Public libraries as we know them – government-funded, free to access – have existed since the 1800s. The Boston Public Library was the earliest large-scale library, with 16,000 items available to borrow when it opened its doors in 1854. The library then promptly realized they would need to move to a bigger space.
In the second half of the 19th century, philanthropist and notable library-lover Andrew Carnegie donated a fortune towards libraries. He believed they would “bring books and information to all people”. His gifts resulted in 2,509 Carnegie libraries around the world, with 1,689 in America.
The wealth that Carnegie and others like him donated to libraries was evident not just through the purchasing of books, but how they were housed. Before it even opened, Joshua Bates gave $50,000 to the BPL for a new books, provided “the building shall be such as to be an ornament to the City, that there shall be a room for one hundred to one hundred and fifty persons to sit at reading tables, and that it be perfectly free to all.” Some 40 years later, the magnificent Bates Hall opened.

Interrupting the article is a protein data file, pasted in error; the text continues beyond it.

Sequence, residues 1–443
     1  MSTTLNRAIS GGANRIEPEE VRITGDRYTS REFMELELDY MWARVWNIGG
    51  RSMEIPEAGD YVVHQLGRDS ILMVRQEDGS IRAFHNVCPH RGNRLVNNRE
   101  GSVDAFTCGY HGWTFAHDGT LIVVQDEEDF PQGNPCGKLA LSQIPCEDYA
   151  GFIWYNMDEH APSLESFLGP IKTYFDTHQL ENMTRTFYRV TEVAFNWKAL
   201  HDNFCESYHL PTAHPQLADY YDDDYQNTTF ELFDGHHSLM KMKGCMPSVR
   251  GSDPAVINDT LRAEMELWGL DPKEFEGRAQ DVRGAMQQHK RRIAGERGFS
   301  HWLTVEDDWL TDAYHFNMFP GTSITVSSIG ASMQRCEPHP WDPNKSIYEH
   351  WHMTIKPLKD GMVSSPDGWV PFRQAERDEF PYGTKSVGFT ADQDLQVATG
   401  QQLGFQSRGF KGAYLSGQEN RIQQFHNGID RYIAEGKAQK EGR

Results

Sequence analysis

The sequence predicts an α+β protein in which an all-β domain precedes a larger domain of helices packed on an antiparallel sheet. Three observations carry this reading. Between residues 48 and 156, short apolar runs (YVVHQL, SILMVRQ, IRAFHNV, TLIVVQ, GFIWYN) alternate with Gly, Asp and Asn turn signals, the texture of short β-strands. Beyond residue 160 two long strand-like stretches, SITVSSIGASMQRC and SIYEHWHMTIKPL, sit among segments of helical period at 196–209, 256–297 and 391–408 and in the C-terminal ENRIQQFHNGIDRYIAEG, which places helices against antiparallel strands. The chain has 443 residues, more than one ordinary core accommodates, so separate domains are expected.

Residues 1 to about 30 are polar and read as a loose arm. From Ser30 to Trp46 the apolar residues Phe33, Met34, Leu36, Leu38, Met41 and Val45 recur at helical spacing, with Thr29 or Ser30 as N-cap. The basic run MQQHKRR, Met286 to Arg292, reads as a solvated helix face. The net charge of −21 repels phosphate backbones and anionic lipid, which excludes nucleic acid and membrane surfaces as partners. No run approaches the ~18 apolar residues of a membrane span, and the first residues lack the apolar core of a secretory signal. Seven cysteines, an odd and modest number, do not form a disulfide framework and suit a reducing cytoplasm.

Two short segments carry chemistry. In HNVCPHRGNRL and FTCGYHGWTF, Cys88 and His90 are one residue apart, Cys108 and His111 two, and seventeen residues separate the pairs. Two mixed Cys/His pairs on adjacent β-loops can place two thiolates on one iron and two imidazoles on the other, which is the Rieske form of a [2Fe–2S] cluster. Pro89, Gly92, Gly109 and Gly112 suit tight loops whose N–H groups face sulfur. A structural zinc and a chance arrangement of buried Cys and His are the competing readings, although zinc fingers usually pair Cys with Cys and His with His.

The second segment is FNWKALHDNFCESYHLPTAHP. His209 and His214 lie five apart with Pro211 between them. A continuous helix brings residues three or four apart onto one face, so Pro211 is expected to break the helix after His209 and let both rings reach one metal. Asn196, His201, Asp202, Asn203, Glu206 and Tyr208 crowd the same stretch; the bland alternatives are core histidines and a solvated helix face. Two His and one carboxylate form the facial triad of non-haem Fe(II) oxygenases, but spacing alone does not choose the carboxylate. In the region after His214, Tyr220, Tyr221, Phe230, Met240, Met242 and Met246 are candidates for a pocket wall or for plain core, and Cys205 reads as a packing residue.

Today, there are just over 9,000 public libraries with around 16,500 branches across the United States. In 2014, BPL alone lent 3.7 million books and hosted 10,000 public programs. Access to a public library provides not just infinite reading material, but also internet services and a sense of community. Many libraries offer classes and events—everything from children’s story time to resume writing tutorials.
Atlas Obscura went in search of how libraries looked at the turn of the century. Peek into these historic hushed rooms where knowledge was shared, and remember Einstein’s words: “The only thing you absolutely have to know, is the location of the library.”